Bjorn3d as a site have been around since the beginning of the 3D video card era as we started as a fan site for the Rendition video cards. This means we remember the time when 3D-support was handled through proprietary API’s like Rendition’s RRedline and 3dfx’s Glide. The problem with this was that you never could know which game supported your card and which game didn’t. In the end OpenGL and DirectX evolved and took over as “open” API’s, open in the sense that every card maker would write drivers to the OpenGL and DirectX API and then the game developers could write towards DirectX or OpenGL and know that their game would work on all the video cards regardless if it was a NVIDIA TNT video card or a S3 Savage video card.
It has been quite obvious for the last year or so that AMD is quite keen on supporting the latest development in DirectX while NVIDIA has chosen to adopt a “wait and maybe do it later” attitude. Thus is it no surprise that AMD has chosen to fully support DirectX11 even before the API has been launched. As AMD already have been supporting some of the new features through DirectX 10.1, which is a sub-set to DirectX 11, since it was released for Vista in Service Pack 1 it most probably hasn’t been such a huge job to get the GPU’s to fully support DirectX 11.
So what is new in DirectX 11? Let us look at a few of the new features of DirectX 11:
Hold on I hear you say. AMD has supported tessellation several years now. That is true. NVIDIA also has been talking about tessellation in some of their SDK’s. The news is that Tesselation-support now is part of DirectX 11 meaning that developers no longer have to do any vendor-specific solutions which hopefully means we will see lots of tessellation used in future games.
Basically tessellation is a way of taking a relatively low-polygon mesh and then use subdivision on the surface to create a finer mesh. After the finer mesh has been created, a displacement map can then be applied to create a detailed surface.
The advantage with using Tesselation is that you can do a lot more detailed characters, more realistic clothing and more detailed terrains.
As expected Microsoft has added DirectComputing to DirectX 11 which adds GPGPU-support into DirectX. It gives direct access to ATI Stream through the DirectX 11 API. This can be used for
- Image Processing & Filtering
- Order Independent Transparency (OIT)
- Shadow Rendering
- Artificial Intelligence
One interesting thing about DirectCompute is that it will also work on DX10 and DX10.1 hardware, although with reduce features. So even though NVIDIA lacks a DirectX 10.1 or DirectX 11 part they still can take some advantage of DirectCompute. Developers can start using Compute Shader 4.x kernels in their applications today, and add Compute Shader 5.x capabilities as the installed base of DirectX 11 GPUs becomes a significant portion of the market.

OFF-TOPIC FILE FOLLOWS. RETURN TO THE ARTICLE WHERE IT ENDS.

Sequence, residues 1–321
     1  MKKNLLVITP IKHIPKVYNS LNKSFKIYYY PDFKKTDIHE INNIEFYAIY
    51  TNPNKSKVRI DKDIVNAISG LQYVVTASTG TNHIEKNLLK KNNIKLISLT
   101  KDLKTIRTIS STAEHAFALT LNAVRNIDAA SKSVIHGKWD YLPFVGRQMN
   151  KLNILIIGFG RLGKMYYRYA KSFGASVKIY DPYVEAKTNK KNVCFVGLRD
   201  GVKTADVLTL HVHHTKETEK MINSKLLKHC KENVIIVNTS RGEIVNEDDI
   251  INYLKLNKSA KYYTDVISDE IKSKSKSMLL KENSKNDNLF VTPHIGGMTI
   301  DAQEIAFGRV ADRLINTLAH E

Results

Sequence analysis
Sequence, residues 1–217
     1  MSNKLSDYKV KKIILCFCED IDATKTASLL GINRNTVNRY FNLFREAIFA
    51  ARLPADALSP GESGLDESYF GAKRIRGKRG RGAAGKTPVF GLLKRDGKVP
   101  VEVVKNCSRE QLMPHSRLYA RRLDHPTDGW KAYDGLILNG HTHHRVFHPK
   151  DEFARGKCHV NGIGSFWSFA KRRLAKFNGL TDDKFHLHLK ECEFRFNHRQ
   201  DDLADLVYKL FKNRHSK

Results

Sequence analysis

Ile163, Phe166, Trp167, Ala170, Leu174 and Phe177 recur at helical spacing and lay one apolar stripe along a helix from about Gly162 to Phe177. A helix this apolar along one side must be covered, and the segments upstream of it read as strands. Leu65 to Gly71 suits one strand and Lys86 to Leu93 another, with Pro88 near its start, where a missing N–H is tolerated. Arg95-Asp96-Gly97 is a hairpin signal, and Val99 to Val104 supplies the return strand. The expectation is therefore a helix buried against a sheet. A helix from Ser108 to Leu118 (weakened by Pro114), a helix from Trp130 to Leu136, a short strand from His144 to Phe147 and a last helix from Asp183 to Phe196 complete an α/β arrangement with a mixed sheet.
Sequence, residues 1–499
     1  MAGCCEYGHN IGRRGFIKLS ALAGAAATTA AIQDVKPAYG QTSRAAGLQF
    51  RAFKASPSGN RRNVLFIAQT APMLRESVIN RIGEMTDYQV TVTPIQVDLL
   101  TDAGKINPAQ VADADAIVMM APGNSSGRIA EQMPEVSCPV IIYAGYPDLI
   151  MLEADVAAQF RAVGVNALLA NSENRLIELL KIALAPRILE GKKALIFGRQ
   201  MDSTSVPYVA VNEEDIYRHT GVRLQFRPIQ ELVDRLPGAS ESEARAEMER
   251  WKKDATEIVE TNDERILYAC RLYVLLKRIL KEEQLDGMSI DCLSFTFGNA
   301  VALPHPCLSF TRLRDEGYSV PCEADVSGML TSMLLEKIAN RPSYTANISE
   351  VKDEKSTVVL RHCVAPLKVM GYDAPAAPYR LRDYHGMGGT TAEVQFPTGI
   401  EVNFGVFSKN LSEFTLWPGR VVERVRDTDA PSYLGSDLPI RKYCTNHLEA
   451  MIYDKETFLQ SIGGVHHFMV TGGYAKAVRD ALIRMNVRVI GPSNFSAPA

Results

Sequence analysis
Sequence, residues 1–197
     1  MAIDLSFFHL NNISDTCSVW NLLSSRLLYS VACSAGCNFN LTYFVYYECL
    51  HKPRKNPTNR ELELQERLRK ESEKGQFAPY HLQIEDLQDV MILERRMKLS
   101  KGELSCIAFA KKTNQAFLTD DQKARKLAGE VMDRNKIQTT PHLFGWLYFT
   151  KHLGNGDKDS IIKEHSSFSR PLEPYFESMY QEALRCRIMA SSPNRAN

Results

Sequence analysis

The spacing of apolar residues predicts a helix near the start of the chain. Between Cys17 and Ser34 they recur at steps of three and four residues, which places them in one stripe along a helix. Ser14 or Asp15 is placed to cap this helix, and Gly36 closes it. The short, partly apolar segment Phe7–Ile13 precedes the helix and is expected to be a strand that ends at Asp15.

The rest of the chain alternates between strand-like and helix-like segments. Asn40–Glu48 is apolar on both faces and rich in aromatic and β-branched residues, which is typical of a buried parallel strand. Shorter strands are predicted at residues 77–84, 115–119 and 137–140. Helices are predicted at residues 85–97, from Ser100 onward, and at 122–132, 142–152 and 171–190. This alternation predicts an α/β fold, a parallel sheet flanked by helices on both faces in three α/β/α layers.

Other interesting new features are Shader Model 5, Multi threading and HDR Texture Compression. We’ll just post a few slides for you to read as it feels unnecessary to just rewrite everything. And just to make it clear; these are new features of DirectX 11 so when NVIDIA have DirectX 11 supporting cards they of course also will be able to take advantage of all this.
So when will we see the first games taking advantage of DirectX 11? There actually already exists a game with DX11-support: Battleforge. EA released a patch a few days ago that adds some DX11-support. AMD of course also had dug up some companies that came to the event talking about their upcoming games.
DICE were there showing off an experimental version of its Frostbite 2 engine where they were playing around with deferred rendering and were using DirectX 11 Compute Shader 5.0 to calculate light contributions in a test scene.
Rebellion were there talking about their upcoming (Q1 2010) game Aliens vs. Predator.
This game will use a lot of character tessellation to make the Aliens even more terrifying.
Codemasters showed off Dirt 2 for the PC which will have DirectX 11 support. The features used are:
- HW Tessellation: DynamicWater Surface
- HW Tessellation: Dynamic Cloth
- HW Tessellation: Animated Crowd
- DirectCompute11: Optimize Post Processing Effects
- ShaderModel5.0: High Quality Shadow Filtering
- ShaderModel5.0: Depth of Field
A demo of the game was present at the event and it looked absolutely stunning.
Other games that were mentioned were , S.T.A.L.K.E.R.:Call of Pripyat which is slated for a Q4 09 release, Lord of the Rings Online (Q1 2010) and Dungeon and Dragons Online: Eberron Unlimited
As expected it will be a while before we will see DirectX 11 games dominate but it does help that Microsoft has decided to release it not only for Windows 7 but also for Windows Vista. It would have been nice to see support also for Windows XP but Microsoft needs an incentive to get people to move to Windows 7. It would also help if NVIDIA came out with DirectX 11 supporting cards as soon as possible.
AMD did not say anything about OpenGL in their presentation but as far as we can tell the HD5800 currently will support OpenGL3.1 in the drivers thus being a bit behind NVIDIA which already has support for OpenGL3.2.
OpenCL (Open Computing Language) is a framework for writing programs that execute across heterogeneous platforms consisting of CPUs, GPUs, and other processors. OpenCL includes a language (based on C99) for writing kernels (functions that execute on OpenCL devices), plus APIs that are used to define and then control the platforms. OpenCL provides parallel computing using task-based and data-based parallelism. OpenCL is analogous to the open industry standards OpenGL and OpenAL, for 3D graphics and computer audio, respectively. OpenCL extends the power of the GPU beyond graphics (GPGPU). OpenCL is managed by the non-profit technology consortium Khronos Group.: Source:Wikipedia